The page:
Partly true as far as the resort to the process of ijtihad, the outcome and application of this process is not reflective of the changing needs and circumstances of the Muslim Ummah and not consistent with the values that the Quran repeatedly asserts in four words: ‘adl (Justice), ihsan (Benevolence), rahmah (Compassion) and hikmah (Wisdom). These Quranic values are very close to, and in fact, are the essence of human rights. One cannot think of human rights of any individual or group in the modern world without these values. Justice is as fundamental to human rights as benevolence, compassion and wisdom are. One cannot have a humane society without it being a just society.
The notion is partly untrue as far as the concept and respect for human rights are quite integral to the teachings of the Quran and the practice of the Prophet. Both the Quran and the Sunnah have remained for Muslims the framework within which to promote and protect these individual/group human rights. And the Quran has recognized and supported women’s rights in particular to: independent ownership of property, education, inheritance, free consent in marriage, divorce, child custody, voting rights, and to full legal capacity. However, there is the need to improve on women’s access to justice and to practically enhance gender equality in Muslim societies.
Quranic Perspectives on Gender Equality
The expression “Quranic perspective on Gender Equality” was judged to be the most suitable title for it orients us towards discovering those core principles in the Quran itself which form the understanding framework for our societies throughout the Muslim world. It is a society based on Quranic principles which is the goal of all Muslims, even though we may unknowingly deviate from time to time from those principles. It is the conference to a Quran-based society for which we must all work if the Muslim peoples are to enjoy a felicitous future. It is not an Indonesian, Pakistani, Saudi Arabian, Egyptian, Sudanese or Nigerian version of that society that we should regard as the indisputable norm, but one firmly based on the teachings of the Holy Quran. Only therein can we find a proper definition of women’s role in society. Since it is these teachings which are the subject of this sub-heading, the above seemed the most proper title.
By this choice of title one needs to emphasize that Muslims should regard the Holy Quran as our guide in all aspects of our lives. It is not only the prime source of knowledge about religious beliefs, obligations, and practices, it is also the guide, whether specific or implied, for every aspect of Islamic civilization.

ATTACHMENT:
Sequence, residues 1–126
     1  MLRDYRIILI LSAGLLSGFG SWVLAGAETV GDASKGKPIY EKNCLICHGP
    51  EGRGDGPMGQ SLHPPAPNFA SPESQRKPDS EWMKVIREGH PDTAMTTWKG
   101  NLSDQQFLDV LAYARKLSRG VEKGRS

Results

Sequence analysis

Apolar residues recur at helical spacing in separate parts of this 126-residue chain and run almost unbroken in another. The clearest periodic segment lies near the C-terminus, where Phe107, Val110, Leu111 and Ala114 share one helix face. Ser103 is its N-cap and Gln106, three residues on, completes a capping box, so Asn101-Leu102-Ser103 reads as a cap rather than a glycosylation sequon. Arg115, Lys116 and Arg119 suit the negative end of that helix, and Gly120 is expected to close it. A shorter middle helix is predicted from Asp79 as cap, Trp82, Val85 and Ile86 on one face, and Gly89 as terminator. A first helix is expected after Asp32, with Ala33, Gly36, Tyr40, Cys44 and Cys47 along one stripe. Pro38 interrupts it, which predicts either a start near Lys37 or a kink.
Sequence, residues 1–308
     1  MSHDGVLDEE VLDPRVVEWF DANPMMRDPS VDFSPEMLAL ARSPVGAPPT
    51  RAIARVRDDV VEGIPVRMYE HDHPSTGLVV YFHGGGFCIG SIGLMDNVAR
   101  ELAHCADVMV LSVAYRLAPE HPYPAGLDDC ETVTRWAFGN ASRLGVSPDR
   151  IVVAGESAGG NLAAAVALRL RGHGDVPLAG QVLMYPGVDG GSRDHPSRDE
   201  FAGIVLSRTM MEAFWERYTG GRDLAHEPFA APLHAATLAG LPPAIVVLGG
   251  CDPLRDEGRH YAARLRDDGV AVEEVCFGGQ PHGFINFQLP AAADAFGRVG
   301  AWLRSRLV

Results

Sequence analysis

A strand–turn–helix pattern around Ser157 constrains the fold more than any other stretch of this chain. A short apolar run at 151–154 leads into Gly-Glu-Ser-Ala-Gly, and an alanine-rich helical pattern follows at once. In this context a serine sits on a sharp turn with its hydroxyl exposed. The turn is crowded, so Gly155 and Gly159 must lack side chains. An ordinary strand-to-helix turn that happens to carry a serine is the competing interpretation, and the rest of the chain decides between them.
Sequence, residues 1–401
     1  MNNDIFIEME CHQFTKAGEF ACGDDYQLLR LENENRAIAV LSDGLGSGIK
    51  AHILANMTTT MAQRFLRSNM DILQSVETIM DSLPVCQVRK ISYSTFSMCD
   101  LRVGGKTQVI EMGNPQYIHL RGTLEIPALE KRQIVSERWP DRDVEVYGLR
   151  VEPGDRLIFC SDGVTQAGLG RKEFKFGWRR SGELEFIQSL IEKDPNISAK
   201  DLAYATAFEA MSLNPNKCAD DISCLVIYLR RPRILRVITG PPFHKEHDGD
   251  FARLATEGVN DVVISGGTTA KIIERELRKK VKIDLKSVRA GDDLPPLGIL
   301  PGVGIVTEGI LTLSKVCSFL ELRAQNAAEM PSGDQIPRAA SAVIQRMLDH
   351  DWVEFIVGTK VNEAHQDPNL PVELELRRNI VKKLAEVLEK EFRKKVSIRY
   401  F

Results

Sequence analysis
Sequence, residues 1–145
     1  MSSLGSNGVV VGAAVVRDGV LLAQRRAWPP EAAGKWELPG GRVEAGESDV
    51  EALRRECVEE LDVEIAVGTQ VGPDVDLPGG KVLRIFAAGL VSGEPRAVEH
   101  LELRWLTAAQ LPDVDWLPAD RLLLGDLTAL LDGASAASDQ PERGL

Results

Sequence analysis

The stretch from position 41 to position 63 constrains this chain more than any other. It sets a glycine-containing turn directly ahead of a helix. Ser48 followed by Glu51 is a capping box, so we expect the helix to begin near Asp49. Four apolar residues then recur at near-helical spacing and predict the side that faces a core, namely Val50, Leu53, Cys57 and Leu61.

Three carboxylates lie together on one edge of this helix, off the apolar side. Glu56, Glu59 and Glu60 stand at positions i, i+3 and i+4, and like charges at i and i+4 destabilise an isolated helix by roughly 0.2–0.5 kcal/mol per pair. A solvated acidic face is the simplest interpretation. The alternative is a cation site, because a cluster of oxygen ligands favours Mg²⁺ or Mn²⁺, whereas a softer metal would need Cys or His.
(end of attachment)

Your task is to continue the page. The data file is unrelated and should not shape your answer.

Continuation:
As a step in this direction, let us consider what the Quran has to teach us about gender equality in the society towards which we should be striving, and ponder its effect on the position of women. What are the basic characteristics of a Quranic society which particularly affect women?
Five characteristics, which seem basic, crucial and incontrovertible of Quranic society are to be considered. Although they are presented in a series, each one rests upon the others and affects them. The interdependence of these five characteristics makes it difficult to speak of any one of them without mention of the others, and of course they do not and cannot exist in isolation from one another.
The characteristics include the following:
The Quran acknowledges the equal status and worth of the sexes, and the first of these Quranic confirmations of male-female equality are contained in statements pertaining to such religious matters as the origins of humanity, or to religious obligations and rewards.
Secondly, Muslims abide by a dual sex society rather than a unisex society. While maintaining the validity of the equal worth of men and women, the Quran does not judge this equality to mean equivalence or identity of the sexes. The society based on the Quran is, in contrast, a dual-sex society in which both sexes are assigned their special responsibilities. This assures the healthy functioning of the society for the benefit of all its members.
Third, of utmost importance is the interdependence of all members of society. Contrary to the contemporary trend to emphasize the rights of the individual at the expense of society, we find the Quran repeatedly emphasizing the interdependence of the male and female, as well as of all members of society.
Fourth, the value of the extended family is synonymous with Islam, as it serves to improve male-female relations. Thus, family connections reaching far beyond the nuclear unit are evident in strong psychological, social, economic and even political ties.
The fifth basic characteristic of a Quranic society is that of patriarchy. In order to acquire stability and cohesiveness, within Islam, patriarchy dominates, with men assuming responsibility for maintaining society.